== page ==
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Can ‘toxic’ bilirubin treat a variety of illnesses?

Jul 22, 2023

Generations of medical and biology students have been instilled with a dim view of bilirubin. Spawned when the body trashes old red blood cells, the molecule is harmful refuse and a sign of illness. High blood levels cause jaundice, which turns the eyes and skin yellow and can signal liver trouble. Newborns can't process the compound, and although high levels normally subside, a persistent surplus can cause brain damage.

Yet later this year up to 40 healthy Australian volunteers may begin receiving infusions of the supposedly good-for-nothing molecule. They will be participating in a phase 1 safety trial, sponsored by the South Korean company Bilix, that could pave the way for testing bilirubin as a treatment in organ transplant recipients and patients with conditions such as multiple sclerosis and stroke. The company's ambitions reflect a new view of bilirubin that emerged as researchers amassed lab, animal, and epidemiological data suggesting it plays a vital role in the body as a fierce antioxidant and anti-inflammatory.

"There's lots of levels of evidence that it's more than just a metabolic waste product," says molecular epidemiologist Laura Horsfall of University College London.

Bilirubin naturally arises when the spleen and other parts of the body dispose of heme, the core of the hemoglobin molecule in red blood cells. Heme is highly toxic; bilirubin, the breakdown product in mammals, is less so. Each week the average person generates about 2 grams of the yellowish substance, most of which the liver dumps into the intestines for elimination from the body.

There have been hints that bilirubin plays physiological roles. When birds and reptiles break down heme, Horsfall says, they produce a different molecule that is nontoxic and soluble in body fluids. That mammals opt for bilirubin even though it is toxic and insoluble suggests it may offer some benefits.

One may be its power to neutralize reactive oxygen species (ROS), destructive byproducts of metabolism that can injure DNA and other important cellular molecules. When mixed with lab-grown cells, bilirubin shields them from ROS, and mice lacking the molecule are more vulnerable to oxidative damage. "Bilirubin is the most potent antioxidant substance in the body," says hepatologist Claudio Tiribelli of the Italian Liver Foundation. It also tamps down damaging inflammation. For example, scientists have found that bilirubin may steer immune cells called macrophages to curtail their secretion of inflammatory molecules.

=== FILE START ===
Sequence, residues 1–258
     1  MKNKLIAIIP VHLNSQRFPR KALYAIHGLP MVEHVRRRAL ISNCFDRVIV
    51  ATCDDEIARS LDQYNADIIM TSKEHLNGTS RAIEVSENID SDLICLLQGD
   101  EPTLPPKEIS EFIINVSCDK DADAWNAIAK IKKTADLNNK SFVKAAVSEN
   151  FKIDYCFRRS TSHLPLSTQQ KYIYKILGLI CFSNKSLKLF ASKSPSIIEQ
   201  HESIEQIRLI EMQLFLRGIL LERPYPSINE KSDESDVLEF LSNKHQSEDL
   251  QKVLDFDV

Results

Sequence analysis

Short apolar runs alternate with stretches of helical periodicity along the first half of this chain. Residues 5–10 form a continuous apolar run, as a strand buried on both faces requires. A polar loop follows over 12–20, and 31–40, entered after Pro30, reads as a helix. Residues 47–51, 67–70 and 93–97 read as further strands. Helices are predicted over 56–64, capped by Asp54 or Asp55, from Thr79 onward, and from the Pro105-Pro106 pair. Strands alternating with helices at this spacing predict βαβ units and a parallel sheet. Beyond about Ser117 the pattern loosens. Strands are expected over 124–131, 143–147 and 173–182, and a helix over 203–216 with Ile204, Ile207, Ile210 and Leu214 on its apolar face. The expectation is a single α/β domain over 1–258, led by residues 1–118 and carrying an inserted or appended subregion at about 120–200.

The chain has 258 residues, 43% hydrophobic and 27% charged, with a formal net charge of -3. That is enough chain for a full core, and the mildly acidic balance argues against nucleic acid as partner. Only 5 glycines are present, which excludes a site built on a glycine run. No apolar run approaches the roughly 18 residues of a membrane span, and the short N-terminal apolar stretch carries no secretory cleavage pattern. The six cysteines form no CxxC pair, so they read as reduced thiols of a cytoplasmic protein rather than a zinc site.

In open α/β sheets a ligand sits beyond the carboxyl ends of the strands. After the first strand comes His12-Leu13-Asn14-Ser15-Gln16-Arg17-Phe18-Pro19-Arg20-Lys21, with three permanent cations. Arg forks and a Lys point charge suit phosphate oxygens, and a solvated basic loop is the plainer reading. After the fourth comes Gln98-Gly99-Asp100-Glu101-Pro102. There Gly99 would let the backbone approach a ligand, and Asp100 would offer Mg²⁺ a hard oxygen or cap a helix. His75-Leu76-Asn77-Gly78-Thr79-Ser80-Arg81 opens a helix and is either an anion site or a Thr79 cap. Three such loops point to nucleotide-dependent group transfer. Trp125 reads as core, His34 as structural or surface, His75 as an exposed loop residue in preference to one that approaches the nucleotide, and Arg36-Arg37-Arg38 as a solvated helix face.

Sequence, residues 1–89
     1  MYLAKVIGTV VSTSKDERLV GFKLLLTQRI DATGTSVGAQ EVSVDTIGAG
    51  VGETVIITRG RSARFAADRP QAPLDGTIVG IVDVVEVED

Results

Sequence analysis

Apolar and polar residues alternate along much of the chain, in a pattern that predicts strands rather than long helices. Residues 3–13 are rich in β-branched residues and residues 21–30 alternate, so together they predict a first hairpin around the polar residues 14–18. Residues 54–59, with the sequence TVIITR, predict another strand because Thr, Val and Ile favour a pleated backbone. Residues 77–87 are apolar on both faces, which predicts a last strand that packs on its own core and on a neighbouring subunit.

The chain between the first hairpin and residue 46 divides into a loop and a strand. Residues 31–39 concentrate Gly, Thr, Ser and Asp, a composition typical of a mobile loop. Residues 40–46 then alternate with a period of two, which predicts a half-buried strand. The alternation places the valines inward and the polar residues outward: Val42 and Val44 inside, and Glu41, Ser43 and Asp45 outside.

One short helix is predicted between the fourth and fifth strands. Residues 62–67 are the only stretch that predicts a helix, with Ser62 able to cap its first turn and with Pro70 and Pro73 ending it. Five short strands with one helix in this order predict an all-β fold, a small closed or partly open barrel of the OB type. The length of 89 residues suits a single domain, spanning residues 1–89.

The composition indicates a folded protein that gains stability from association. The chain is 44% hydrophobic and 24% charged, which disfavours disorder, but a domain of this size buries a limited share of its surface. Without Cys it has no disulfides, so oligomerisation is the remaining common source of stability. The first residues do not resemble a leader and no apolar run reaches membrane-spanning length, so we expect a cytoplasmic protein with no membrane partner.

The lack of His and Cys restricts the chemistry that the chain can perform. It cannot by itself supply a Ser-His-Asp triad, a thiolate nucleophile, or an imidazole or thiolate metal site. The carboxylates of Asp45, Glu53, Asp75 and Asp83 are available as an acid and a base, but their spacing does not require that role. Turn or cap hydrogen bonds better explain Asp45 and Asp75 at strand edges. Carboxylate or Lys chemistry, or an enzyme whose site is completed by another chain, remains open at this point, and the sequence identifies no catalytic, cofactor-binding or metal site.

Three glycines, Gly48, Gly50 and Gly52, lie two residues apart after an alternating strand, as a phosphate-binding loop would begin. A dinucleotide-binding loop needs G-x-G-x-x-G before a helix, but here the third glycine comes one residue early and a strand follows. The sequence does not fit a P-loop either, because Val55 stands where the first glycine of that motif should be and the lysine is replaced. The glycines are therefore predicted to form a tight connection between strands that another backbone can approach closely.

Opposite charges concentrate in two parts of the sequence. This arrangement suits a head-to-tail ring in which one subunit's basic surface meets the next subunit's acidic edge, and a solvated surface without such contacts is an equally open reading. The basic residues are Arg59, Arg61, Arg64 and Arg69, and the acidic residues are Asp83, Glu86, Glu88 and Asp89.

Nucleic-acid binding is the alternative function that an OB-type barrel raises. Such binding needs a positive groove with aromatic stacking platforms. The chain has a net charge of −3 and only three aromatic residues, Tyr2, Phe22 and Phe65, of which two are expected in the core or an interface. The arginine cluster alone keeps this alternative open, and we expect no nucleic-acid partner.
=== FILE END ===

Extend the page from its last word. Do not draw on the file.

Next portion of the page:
And research by drug designer Terry Hinds of the University of Kentucky and physiologist David Stec of the University of Mississippi Medical Center suggests bilirubin acts as a hormone. In cultured cells, it stimulates a key receptor called PPARalpha that helps control metabolism and body weight. Injections of the molecule slimmed down mice eating a high-fat diet, the scientists reported in 2016 in PLOS ONE.

"Nature puts almost everything to use, and even this ‘waste product’ is being used," says bilirubin biochemist David Stevenson of the Stanford University School of Medicine.

Some people might be reaping more benefits than others. About 10% of humans carry gene variants that result in slightly high bilirubin levels. For instance, people with a condition known as Gilbert syndrome don't make enough of a protein that helps prepare bilirubin for excretion. As a result, their blood concentrations of the molecule can be more than twice the upper limit of normal. But they don't have jaundice or any serious symptoms.

More striking, multiple studies suggest people who have moderately elevated bilirubin levels—whether because of Gilbert syndrome or other causes—are less likely to develop a plethora of illnesses, including heart disease, inflammatory bowel disease, diabetes, and many types of cancer. On the flip side, people with relatively low bilirubin levels are more vulnerable to these diseases. "The idea that bilirubin is protective is very well supported," Tiribelli says.